Bookman: Cynicism of Georgia GOP leaders robs poor of access to a doctor

Georgia State Capitol on mostly sunny day

by Jay Bookman, Georgia Recorder [This article first appeared in the Georgia Recorder, republished with permission]

April 18, 2024

Health care is not a luxury item, a commodity reserved for those who can afford it. It is a basic human right.

Health care eases pain. It reduces suffering. It extends life and enhances life. It helps the lame to walk, the sick to heal, the old to age gracefully. The joy that a newborn baby brings, the relief and comfort that hospice provides … from beginning to end, throughout our lifespans, health care is essential.

A society that is economically and medically capable of providing health care to its members, yet chooses not to do so, is inhumane. Unfortunately, our state of Georgia fits that description.

We have the second highest uninsured rate in the country, and even in the midst of an historic economic boom the number of fellow Georgians without health insurance is rising, not falling, by the hundreds of thousands.

Why? Because of conscious choices made by those elected to govern us, and because we continue to elect those who make such choices.

It’s certainly not a question of resources. Our state’s coffers are full to overbrimming, and the federal government is committed to paying most of the cost of expanding Medicaid to cover those unable to get insurance elsewhere. In fact, it currently costs the state of Georgia more money NOT to provide health care to its poor than we would spend in providing it. On top of all the human costs and the social costs of such a policy, the refusal to expand Medicaid costs our state hundreds of millions of dollars a year.

Think about that: Those who govern us are so callous, so stubborn about not providing health care to their fellow Georgians, that they’re willing to cost the state money to continue not doing so.

That’s perverse. Kentucky expanded Medicaid five years ago. Louisiana did it eight years ago. Arkansas implemented its version three years ago, as did Missouri. North Carolina finally did it in 2023. Even Mississippi seems closer to adoption than Georgia.

Again, why?

Normally, the place to look for an explanation of such obstinance would be politics, but you would look there in vain. In a poll taken in January by the University of Georgia, almost 70% of registered voters in Georgia said they support expanding Medicaid “to cover all the state’s uninsured poor.” Georgia Republicans supported Medicaid expansion by 47-39%. A majority of self-described Georgia conservatives backed it by a margin of 51-36%.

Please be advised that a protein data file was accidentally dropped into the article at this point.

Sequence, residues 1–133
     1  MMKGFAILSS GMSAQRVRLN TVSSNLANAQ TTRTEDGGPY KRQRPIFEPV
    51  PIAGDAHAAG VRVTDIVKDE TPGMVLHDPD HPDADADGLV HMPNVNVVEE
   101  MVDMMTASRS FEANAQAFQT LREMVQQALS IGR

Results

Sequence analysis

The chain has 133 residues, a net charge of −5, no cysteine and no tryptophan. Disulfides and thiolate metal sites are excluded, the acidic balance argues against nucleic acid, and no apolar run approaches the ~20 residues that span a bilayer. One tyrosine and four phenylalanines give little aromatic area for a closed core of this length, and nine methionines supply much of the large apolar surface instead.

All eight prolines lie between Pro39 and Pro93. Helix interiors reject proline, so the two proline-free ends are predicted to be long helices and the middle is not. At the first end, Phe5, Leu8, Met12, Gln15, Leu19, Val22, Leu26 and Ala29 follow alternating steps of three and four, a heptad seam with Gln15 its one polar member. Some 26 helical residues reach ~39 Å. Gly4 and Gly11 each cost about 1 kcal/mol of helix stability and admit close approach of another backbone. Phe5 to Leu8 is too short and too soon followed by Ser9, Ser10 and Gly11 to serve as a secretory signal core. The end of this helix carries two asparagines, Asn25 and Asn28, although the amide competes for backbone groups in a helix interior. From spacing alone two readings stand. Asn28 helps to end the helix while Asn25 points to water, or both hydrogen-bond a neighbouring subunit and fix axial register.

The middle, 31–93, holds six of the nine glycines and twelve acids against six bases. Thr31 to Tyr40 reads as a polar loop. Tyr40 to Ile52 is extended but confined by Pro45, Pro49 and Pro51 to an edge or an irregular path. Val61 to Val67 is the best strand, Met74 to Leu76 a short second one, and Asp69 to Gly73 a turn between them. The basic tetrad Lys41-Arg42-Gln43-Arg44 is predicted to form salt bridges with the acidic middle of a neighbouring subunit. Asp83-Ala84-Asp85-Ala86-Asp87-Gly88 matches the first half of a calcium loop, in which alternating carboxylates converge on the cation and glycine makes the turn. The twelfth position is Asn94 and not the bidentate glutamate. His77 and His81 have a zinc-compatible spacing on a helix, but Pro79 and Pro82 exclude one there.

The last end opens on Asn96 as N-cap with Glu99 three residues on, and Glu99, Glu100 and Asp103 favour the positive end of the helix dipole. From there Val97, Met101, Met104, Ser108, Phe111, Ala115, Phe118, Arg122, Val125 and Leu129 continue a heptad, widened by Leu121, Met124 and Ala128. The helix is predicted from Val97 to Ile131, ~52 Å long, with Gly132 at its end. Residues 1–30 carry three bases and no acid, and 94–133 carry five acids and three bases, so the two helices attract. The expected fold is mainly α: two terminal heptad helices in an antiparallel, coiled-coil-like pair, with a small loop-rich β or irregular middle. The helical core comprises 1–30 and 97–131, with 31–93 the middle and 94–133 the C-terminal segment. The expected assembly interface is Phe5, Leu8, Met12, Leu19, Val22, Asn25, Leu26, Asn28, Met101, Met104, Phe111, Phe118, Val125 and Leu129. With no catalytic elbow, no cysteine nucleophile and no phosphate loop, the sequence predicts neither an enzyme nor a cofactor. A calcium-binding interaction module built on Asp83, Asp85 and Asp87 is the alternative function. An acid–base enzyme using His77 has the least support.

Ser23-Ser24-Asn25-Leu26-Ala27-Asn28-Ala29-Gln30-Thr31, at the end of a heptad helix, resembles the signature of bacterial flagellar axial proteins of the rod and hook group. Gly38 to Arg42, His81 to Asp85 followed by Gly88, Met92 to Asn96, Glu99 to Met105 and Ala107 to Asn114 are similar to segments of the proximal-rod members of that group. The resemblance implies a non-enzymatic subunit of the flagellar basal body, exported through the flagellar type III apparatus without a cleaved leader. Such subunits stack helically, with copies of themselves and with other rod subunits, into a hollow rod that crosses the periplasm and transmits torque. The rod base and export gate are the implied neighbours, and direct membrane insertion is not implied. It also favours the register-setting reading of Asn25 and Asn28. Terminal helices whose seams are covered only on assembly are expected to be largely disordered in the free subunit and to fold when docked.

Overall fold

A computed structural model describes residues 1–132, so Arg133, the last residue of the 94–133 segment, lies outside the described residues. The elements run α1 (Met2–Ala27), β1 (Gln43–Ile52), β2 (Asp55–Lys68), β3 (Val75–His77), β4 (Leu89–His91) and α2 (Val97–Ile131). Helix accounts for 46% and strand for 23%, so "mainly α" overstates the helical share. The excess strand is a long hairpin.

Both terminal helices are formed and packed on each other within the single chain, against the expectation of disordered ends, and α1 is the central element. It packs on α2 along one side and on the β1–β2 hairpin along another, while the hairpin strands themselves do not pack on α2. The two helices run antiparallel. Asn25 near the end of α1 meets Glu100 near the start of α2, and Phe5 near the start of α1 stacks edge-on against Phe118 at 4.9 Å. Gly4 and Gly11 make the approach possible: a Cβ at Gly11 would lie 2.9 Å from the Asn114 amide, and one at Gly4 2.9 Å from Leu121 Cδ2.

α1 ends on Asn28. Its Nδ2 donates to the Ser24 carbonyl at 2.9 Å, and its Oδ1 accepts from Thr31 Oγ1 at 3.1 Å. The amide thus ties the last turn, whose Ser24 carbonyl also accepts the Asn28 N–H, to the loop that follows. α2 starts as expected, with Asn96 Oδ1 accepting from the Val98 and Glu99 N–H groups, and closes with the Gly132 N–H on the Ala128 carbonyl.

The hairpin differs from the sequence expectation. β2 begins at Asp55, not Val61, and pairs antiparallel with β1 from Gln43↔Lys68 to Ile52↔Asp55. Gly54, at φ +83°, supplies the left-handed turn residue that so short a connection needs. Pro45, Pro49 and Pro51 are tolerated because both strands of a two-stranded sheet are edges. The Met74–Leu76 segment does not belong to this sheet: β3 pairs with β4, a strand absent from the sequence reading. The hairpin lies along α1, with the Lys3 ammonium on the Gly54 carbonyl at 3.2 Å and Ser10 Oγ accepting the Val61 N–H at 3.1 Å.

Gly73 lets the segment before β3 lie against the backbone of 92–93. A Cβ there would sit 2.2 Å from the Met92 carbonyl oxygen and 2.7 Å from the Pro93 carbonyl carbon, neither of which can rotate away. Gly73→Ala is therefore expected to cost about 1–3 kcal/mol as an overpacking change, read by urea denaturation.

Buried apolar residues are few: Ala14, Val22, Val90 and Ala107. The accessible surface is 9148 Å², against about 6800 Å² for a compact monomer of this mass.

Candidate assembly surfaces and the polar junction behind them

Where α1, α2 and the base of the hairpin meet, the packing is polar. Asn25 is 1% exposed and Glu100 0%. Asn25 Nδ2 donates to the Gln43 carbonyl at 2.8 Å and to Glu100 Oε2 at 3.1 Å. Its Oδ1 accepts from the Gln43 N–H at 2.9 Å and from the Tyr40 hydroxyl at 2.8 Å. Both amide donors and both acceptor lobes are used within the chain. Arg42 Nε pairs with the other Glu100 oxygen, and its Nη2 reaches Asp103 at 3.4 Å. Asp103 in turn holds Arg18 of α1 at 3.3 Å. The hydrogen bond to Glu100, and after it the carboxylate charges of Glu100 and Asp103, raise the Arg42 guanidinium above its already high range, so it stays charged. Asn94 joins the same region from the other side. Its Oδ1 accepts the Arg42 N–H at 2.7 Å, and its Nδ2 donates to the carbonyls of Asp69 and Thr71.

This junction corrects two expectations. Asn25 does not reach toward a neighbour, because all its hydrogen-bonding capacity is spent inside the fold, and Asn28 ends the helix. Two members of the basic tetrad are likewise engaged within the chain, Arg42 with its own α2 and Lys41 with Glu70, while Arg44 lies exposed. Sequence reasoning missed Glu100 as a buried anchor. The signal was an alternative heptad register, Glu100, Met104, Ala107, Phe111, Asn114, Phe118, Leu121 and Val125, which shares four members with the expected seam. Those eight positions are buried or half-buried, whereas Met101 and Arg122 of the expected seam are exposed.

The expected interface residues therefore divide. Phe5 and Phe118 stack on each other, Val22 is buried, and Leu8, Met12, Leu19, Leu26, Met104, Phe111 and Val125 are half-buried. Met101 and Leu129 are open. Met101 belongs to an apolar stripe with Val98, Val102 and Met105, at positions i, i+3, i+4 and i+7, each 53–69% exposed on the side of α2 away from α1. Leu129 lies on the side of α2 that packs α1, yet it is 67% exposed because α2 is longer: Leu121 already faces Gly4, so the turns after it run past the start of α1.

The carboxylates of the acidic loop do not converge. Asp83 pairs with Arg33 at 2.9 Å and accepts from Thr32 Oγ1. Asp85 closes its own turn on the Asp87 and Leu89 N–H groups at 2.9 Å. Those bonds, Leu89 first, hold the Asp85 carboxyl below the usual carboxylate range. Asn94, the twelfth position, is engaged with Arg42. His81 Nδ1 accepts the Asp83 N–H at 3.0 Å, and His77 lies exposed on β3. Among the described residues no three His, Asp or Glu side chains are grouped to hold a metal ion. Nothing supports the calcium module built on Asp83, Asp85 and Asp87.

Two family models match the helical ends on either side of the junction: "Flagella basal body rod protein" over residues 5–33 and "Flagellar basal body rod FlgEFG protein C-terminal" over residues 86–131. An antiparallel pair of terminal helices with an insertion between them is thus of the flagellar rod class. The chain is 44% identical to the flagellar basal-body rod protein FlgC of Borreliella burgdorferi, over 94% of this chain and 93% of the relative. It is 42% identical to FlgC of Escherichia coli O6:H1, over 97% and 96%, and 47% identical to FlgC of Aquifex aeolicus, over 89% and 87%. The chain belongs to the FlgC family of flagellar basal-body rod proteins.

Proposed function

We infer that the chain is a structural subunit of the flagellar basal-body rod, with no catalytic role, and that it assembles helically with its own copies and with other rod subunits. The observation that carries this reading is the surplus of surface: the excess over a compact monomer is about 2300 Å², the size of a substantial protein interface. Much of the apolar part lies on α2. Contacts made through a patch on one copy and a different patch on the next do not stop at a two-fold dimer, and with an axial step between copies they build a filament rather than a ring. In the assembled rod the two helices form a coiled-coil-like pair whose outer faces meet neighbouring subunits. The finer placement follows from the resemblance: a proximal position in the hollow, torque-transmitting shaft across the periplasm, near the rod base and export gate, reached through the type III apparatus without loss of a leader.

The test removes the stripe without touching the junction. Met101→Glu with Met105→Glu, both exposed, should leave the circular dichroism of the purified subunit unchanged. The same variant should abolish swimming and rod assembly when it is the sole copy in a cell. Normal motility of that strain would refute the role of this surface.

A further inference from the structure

Nationwide, according to a poll by KFF, a health-policy research group, 60% of Americans now have a favorable view of the Affordable Care Act, with only 39% of Republicans saying they would still support repeal. The ACA, also known as Obamacare, is so popular now that even Donald Trump says he opposes its repeal, claiming instead to have a secret plan to make it “much better than it is right now and much less expensive for you.” (He doesn’t.)

And yet, here in Georgia, Medicaid expansion is still off the table.

Maybe – and I’m just guessing here — it’s a question of timing. The second and final term of Brian Kemp as governor ends in 2026, when he is expected to run for the U.S. Senate seat now held by Jon Ossoff. Maybe the plan is to delay expansion for another two years, so that Kemp can sign it into law just as he launches his bid for federal office. He’d be playing hero by solving a problem that he himself helped to create.

If it sounds cynical to suggest that politicians play with human lives like that, maybe it is. But I guarantee you cynicism plays a role in this somehow.

Georgia Recorder is part of States Newsroom, a nonprofit news network supported by grants and a coalition of donors as a 501c(3) public charity. Georgia Recorder maintains editorial independence. Contact Editor John McCosh for questions: Follow Georgia Recorder on Facebook and Twitter.